Mass communications, mass production, mass depersonalization and the massive amounts of statistics threaten to become the source of our identities and worth. We are increasingly defined, measured and valued by our banks accounts, credit card limits, looks, clothes, homes, and the like, threaten to turn us into commodities rather than individuals, our worth determined by our association with certain agendas. Clarence Thomas isn't a story of success- depersonalized, he has become an 'Uncle Tom' or a 'House Nigger.' Condi Rice is referred to in even more vile terms. That's what happens when people become commodities- no more than statistical and demographic 'blips.'
Is it any wonder then, that people feel insignificant? Here's something to ponder. Can two people, 'commoditized,' experience real love? Can parents really parent if their own sense of worth is defined by a cold and impersonal materialism? Will relationships become no more than expressions of selfishness? These are real possibilities. Both Dr Sanity (here) and Shrinkwrapped (here) have written extensively on ever growing narcissism and the effects that narcissism has on our culture, society and families.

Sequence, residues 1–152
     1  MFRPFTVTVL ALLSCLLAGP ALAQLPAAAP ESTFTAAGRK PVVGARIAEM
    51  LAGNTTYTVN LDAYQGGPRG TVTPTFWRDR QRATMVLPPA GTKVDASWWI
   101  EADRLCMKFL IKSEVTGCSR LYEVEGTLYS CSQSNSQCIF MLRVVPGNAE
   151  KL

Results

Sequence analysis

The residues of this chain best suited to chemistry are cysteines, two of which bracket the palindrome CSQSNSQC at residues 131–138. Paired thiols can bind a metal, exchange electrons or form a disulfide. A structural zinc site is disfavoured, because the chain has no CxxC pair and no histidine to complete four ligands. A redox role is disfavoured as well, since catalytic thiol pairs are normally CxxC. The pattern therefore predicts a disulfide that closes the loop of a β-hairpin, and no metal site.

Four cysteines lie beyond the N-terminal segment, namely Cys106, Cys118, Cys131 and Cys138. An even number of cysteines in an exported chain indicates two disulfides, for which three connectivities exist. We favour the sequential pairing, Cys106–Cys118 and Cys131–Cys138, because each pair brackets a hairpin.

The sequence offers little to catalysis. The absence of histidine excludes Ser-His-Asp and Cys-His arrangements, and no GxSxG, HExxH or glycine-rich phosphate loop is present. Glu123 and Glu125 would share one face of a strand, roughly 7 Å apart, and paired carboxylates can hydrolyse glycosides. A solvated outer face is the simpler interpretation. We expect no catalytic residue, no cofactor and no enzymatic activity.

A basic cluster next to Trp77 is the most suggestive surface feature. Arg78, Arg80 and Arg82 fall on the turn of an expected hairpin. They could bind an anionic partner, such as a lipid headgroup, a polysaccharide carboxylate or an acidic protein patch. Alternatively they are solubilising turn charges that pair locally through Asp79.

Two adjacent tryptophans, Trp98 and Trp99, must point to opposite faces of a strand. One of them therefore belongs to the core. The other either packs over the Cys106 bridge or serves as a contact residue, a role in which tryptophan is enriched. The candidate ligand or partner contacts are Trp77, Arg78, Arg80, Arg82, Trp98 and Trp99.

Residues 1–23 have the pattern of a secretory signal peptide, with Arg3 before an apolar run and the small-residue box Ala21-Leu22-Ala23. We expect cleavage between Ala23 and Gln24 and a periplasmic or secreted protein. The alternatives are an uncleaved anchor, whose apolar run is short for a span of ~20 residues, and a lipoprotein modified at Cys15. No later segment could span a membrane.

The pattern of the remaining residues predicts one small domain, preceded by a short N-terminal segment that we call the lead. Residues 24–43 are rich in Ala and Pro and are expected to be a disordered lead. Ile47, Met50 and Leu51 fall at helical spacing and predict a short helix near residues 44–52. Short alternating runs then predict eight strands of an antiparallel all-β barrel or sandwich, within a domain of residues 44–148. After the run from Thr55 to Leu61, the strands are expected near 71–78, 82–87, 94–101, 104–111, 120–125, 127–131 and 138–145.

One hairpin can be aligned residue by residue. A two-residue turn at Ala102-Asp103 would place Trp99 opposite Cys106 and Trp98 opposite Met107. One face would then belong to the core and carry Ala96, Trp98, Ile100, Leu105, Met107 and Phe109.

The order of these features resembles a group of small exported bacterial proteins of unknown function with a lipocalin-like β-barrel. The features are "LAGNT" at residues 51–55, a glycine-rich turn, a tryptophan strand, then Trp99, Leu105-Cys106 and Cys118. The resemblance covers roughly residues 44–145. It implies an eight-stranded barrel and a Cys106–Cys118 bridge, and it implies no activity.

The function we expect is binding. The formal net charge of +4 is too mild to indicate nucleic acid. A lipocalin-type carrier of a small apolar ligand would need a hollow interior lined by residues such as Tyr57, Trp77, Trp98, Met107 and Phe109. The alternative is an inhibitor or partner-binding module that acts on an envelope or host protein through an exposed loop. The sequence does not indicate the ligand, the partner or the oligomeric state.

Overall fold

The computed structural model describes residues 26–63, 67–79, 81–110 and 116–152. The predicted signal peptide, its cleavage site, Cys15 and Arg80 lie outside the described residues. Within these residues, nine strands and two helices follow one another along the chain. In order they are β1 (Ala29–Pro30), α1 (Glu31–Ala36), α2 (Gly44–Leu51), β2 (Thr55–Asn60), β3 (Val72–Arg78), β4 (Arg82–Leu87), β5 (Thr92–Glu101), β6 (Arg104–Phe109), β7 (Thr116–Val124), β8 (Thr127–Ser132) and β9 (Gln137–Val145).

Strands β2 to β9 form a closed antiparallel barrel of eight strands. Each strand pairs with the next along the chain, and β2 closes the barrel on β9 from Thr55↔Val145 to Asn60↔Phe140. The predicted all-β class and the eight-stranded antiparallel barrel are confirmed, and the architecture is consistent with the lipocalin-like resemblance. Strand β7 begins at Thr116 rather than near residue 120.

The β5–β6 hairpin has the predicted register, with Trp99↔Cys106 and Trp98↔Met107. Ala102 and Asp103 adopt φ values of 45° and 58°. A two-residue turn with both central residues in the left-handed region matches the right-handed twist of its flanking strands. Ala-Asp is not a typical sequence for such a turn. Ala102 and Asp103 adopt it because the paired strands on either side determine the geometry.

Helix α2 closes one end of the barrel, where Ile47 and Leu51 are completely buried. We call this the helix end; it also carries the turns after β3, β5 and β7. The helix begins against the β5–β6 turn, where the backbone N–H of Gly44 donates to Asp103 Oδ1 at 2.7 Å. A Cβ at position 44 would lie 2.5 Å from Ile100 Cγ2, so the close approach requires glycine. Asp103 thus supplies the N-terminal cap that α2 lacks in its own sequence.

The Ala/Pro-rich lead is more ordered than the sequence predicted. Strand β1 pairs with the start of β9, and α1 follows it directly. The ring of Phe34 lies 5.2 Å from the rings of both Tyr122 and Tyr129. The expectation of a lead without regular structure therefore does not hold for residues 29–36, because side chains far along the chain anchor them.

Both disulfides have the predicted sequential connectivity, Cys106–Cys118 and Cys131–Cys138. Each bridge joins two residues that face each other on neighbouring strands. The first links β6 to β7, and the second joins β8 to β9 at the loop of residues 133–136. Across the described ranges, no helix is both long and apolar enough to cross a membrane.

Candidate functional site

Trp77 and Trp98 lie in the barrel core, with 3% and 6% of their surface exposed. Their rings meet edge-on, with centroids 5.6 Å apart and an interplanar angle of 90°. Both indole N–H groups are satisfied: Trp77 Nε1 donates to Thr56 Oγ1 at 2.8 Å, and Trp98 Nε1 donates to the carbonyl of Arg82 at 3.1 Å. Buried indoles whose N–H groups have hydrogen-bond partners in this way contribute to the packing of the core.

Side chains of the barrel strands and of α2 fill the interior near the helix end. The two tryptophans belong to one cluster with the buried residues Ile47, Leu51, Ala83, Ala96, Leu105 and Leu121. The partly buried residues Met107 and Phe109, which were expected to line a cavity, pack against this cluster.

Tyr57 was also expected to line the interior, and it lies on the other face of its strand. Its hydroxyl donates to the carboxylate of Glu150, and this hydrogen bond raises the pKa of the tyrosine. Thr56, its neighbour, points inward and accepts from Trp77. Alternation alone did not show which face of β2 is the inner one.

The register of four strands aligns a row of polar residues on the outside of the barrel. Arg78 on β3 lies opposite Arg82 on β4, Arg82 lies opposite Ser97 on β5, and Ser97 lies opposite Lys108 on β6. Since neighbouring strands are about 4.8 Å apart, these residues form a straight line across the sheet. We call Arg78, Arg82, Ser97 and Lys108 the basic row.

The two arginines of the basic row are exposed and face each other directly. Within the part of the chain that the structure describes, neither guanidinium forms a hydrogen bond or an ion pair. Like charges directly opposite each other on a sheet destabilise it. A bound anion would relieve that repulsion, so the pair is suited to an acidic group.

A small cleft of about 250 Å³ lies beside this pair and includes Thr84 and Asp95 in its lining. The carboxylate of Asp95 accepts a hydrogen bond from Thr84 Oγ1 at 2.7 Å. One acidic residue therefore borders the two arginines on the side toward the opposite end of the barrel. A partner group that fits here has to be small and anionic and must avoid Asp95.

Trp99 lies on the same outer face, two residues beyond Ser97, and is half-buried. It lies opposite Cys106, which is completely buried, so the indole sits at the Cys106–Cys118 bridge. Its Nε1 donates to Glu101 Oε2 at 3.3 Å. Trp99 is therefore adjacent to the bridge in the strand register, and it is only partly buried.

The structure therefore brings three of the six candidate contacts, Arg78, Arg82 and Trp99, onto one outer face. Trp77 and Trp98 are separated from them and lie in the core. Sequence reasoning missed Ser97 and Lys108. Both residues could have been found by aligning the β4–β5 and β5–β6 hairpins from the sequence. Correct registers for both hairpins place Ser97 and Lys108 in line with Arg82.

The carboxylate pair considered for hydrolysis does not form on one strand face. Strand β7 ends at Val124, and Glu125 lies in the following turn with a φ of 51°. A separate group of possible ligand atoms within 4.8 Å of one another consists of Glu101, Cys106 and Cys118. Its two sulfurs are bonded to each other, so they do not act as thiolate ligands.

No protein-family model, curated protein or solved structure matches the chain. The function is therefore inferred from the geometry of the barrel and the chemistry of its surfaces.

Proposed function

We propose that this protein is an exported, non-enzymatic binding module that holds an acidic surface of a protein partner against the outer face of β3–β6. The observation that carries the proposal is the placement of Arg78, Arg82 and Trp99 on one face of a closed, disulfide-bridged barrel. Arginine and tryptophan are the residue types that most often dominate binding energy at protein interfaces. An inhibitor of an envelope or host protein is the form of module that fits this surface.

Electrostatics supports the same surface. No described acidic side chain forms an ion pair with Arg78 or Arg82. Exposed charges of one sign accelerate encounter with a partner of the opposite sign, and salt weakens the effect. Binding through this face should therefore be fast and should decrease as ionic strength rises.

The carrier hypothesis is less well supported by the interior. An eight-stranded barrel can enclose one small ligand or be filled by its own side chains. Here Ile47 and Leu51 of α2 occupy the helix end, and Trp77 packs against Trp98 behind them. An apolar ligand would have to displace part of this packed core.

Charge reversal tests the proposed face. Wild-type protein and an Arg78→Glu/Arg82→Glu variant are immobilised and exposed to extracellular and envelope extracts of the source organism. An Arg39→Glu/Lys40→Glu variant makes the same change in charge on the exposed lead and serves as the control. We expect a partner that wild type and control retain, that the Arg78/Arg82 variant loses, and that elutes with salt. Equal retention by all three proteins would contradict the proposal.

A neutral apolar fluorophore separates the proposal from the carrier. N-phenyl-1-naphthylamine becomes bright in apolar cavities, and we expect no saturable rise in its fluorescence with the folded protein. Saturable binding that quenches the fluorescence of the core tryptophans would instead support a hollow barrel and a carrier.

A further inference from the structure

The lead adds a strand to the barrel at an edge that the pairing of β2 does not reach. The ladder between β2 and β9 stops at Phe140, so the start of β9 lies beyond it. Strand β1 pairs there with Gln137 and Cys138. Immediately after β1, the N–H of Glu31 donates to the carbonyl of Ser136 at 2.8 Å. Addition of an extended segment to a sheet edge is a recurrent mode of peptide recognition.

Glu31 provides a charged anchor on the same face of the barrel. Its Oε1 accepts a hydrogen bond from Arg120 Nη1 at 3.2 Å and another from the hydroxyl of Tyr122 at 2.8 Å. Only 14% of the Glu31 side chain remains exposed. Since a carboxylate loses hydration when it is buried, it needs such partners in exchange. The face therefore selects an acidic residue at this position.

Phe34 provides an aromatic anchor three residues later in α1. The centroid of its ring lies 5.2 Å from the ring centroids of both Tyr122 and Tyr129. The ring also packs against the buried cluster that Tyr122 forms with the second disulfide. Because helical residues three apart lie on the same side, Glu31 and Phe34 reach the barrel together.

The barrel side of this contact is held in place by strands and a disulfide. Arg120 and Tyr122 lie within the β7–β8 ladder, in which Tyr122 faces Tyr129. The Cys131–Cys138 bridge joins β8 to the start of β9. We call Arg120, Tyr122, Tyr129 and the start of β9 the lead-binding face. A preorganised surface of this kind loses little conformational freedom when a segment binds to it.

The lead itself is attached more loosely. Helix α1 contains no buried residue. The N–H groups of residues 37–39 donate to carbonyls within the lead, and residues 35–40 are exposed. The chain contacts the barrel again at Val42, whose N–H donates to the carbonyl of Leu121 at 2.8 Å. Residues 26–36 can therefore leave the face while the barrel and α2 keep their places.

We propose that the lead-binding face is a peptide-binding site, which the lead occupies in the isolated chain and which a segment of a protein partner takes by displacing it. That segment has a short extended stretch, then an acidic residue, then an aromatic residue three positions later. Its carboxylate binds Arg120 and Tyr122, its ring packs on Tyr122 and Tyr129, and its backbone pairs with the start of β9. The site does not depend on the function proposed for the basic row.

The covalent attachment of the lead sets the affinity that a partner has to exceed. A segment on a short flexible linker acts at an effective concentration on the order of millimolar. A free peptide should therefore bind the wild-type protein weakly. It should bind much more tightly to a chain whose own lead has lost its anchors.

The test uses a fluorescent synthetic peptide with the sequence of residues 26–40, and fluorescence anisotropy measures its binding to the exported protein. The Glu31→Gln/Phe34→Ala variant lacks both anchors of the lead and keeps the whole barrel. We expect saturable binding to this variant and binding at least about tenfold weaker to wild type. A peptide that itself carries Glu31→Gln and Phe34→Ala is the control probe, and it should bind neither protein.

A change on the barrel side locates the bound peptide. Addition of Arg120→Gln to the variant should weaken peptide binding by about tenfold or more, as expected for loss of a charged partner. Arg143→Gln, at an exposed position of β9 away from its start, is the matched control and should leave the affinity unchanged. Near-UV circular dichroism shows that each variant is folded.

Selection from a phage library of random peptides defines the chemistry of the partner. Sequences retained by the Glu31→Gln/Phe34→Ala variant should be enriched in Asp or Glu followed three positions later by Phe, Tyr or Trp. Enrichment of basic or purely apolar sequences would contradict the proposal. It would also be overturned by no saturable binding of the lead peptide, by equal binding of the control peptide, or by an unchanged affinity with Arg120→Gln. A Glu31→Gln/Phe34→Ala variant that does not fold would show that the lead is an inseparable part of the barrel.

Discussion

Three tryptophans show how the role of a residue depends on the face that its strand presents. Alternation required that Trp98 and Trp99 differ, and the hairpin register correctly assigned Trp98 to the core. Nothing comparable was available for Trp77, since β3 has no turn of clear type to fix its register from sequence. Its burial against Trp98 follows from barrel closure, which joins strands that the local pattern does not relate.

What can be extrapolated from their discussions is clear. The tsunami of narcissism is an almost reflexive expression of a cleardysfunction. When 'You don’t matter; your feelings don’t matter; your function and purpose here is to serve my needs,' are considered a form of healthy and acceptable 'expression,' is it really a surprise that deep and real interpersonal relationships and happiness, elude so many?
In a world where technology and deliberate depersonalization threatens to tame us, instead of the other way around, the need to recognize our own capacity and potential for good is more important than ever. We must recognize, reflect and react to the deliberate attempt to dehumanize and belittle our significance- the three 'R's' of our own redemption.
Influence, like charity, starts at home.
From Neo-neocon, a look into an escalating crisis.